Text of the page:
We have to go back to the 1700s.  This was the time of the First Great Awakening.  At that time, a revival came through the United States.  Many people were converted and churches grew in numbers and in maturity.  The pastors of the First Great Awakening believed that the message was more important than the method.  The emphasis was on good Biblical preaching teaching – people did not think about whether or not it would work.  One of the pastors of the First Great Awakening was Jonathan Edwards.  Edwards wrote many books and preached many sermons.  One of his most famous sermons is “Sinners in the Hands of an Angry God.”  By today’s standards, Edwards was not a great preacher.  He read his sermon.  He had a high-pitched monotone voice.  He never looked up at his congregation.  Yet the message he preached was sound and biblical.  God used it to convert many people to true faith in Jesus Christ.

When we go to the 1800s, we find the Second Great Awakening.  This was a turn from truth to technique.  The method became more important than the message.  The gospel was being watered down and the teaching and preaching was not as biblical as it had been with the First Great Awakening.  One of the key figures in Second Great Awakening was Charles G. Finney.  There are two important things to note about Finney.

First of all, he believed that revivals are not supernatural miracles of God.  Rather, if one could only find the right method or technique, then people would be converted to Christ.  For him, it was not about the message and God working the miracle of regeneration through the message, but about finding the right method.  If you found the right method, people would be converted and your church would grow – he compared it to growing a crop using the right agricultural methods.

Second, his idea of what Christianity was really about can be seen by looking at his book on Systematic Theology.  Finney’s Systematic Theology is not about theology, but about ethics.  It is not about what God has done, but about how we must live.  It’s not about the gospel, but about the law.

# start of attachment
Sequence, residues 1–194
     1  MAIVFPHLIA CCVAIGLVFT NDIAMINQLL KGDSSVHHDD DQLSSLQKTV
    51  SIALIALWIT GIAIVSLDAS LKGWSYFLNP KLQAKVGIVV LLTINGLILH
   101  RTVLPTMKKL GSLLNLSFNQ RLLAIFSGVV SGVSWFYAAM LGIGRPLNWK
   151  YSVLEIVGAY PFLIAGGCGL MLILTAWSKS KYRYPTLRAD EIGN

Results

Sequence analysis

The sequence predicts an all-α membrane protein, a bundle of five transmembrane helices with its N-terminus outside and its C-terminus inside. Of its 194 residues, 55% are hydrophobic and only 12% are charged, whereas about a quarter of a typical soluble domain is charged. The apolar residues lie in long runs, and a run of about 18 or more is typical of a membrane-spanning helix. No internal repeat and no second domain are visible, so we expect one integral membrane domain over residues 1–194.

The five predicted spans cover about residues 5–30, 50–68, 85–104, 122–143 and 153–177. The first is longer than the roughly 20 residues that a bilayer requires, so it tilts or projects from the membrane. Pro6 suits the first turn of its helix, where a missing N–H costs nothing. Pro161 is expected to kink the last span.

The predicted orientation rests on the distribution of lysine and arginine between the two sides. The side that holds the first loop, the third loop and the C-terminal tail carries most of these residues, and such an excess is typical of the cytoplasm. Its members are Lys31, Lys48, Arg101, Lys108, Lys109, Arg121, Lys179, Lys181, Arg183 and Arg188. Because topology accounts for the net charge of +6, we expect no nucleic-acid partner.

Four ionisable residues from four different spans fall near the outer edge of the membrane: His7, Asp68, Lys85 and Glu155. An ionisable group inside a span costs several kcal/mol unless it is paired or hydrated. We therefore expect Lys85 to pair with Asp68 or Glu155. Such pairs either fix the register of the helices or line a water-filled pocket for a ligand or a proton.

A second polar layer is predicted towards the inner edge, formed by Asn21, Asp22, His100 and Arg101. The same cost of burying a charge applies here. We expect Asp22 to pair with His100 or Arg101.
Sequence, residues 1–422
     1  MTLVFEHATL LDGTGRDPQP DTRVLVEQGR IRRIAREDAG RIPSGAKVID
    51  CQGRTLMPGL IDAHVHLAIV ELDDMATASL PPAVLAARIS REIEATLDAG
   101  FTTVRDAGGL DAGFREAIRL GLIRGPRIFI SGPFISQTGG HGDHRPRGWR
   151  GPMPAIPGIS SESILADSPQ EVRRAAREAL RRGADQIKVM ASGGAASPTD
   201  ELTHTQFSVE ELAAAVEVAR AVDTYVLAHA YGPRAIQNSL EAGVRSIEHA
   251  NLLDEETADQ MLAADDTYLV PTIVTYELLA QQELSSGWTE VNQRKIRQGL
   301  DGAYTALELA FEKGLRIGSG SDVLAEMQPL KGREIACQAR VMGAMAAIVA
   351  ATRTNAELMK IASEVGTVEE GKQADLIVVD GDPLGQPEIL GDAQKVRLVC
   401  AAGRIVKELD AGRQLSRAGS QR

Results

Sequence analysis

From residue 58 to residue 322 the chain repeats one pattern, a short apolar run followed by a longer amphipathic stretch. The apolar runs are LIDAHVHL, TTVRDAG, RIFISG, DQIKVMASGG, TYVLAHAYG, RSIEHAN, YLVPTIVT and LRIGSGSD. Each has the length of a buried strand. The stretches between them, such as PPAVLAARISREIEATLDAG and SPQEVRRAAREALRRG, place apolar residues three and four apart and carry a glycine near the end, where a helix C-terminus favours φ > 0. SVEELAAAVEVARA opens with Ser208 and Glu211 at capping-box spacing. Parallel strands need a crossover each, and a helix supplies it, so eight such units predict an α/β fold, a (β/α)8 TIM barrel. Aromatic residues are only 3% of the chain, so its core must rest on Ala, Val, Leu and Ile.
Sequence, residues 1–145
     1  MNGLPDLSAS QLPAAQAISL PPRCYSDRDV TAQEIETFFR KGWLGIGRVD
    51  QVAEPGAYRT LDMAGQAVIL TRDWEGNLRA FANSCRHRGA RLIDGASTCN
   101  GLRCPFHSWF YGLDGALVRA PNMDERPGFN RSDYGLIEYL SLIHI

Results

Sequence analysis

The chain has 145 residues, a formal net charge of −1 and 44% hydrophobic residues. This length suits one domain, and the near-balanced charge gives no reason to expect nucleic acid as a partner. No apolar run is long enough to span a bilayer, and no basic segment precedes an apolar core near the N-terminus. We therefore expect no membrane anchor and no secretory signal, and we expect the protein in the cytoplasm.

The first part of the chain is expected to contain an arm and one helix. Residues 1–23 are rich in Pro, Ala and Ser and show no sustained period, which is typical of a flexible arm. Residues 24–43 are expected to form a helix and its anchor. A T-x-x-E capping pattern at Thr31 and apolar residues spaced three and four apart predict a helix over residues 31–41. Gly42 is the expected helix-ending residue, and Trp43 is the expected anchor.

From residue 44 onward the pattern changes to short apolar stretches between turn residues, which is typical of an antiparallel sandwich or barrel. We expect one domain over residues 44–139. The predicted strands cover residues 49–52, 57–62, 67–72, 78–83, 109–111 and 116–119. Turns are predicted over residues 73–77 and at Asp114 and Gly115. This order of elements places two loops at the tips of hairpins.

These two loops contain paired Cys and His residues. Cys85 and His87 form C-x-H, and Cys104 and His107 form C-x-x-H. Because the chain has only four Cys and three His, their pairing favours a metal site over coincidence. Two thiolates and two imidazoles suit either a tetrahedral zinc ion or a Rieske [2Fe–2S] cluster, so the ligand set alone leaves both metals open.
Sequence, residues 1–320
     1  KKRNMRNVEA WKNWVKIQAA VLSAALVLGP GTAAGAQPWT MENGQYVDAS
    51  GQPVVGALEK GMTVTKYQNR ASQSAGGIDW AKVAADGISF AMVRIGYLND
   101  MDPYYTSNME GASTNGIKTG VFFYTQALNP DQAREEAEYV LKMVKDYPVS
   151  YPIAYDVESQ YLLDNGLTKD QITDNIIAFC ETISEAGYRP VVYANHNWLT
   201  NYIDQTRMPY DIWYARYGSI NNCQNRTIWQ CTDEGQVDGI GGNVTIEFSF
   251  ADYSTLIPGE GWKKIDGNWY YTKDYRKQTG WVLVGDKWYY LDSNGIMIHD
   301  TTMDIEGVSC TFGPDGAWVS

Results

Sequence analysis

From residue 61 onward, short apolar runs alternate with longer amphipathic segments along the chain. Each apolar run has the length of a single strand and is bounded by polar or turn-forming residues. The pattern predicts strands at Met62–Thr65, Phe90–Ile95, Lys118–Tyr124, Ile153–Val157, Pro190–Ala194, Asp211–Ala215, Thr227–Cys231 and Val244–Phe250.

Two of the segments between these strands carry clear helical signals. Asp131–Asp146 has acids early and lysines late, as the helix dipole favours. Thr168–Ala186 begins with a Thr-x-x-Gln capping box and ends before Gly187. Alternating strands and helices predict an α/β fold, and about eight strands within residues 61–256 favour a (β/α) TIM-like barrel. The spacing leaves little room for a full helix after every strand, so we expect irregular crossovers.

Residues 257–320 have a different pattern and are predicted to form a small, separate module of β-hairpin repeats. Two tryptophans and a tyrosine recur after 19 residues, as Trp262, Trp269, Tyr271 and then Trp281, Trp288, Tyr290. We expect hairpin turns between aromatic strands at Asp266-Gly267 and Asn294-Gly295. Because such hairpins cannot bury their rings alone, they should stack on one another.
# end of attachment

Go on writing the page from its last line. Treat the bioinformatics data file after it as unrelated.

At the beginning of his Systematic Theology, Finney writes that many people were looking for religion that deals with matters of practical importance and now in this book they can find it.  That’s what the Second Great Awakening was all about:  finding a religion that works for people.  We call this pragmatism and it is a disease which continues to afflict not only Christianity in the United States, but everywhere in the world.  If you doubt this, go to just about any Christian bookstore in the United States or Canada and have a look.  There are huge sections on Christian Living, but a very tiny section on theology – there may not even be a section on theology.  This is also illustrated in all the trends we see in American Christianity.  A number of years ago, it was the “Prayer of Jabez.”  Then it was the “Purpose-Driven Life.”  Today it is the Emergent Church Movement, with men such as Brian McLaren, Rob Bell, Donald Miller and Leonard Sweet.  The movement from one fad to another, fits with the thinking of American Christianity and its obsession with method, technique, and programs.  And the simple gospel message gets lost.

Conclusion

Let me conclude then with a warning.  be suspicious of programs that promise growth for your church.  Programs, techniques and methods are marketed to us – they are part of American big business.  They are dressed up in Christian clothes, we are told that it is “ministry,” but it is all about making money for somebody.  Furthermore, the programs, techniques and methods of today are usually taken from the world of business.  There are Bible texts here and there, but when you dig deeply, you find that it has more to do with Donald Trump than Jesus Christ.

We want to see our churches grow in maturity and numbers.  More importantly, God wants that as the Great Shepherd.  But then we must follow God’s Word.  We must simply preach the gospel of Jesus Christ.  Sow the seed.  Let the gospel do its work.  Then, at the end of the day, we will not praise man.  We will not say that man is so smart that he used this technique or that program.  Then we will praise God, because we know that it is his doing.  Let us finish with the words of Paul in 1 Corinthians 2:1-5,

When I came to you, brothers, I did not come with eloquence or superior wisdom as I proclaimed to you the testimony about God. For I resolved to know nothing while I was with you except Jesus Christ and him crucified. I came to you in weakness and fear, and with much trembling. My message and my preaching were not with wise and persuasive words, but with a demonstration of the Spirit’s power, so that your faith might not rest on men’s wisdom, but on God’s power.

About Wes Bredenhof

Pastor of the Free Reformed Church, Launceston, Tasmania. View all posts by Wes Bredenhof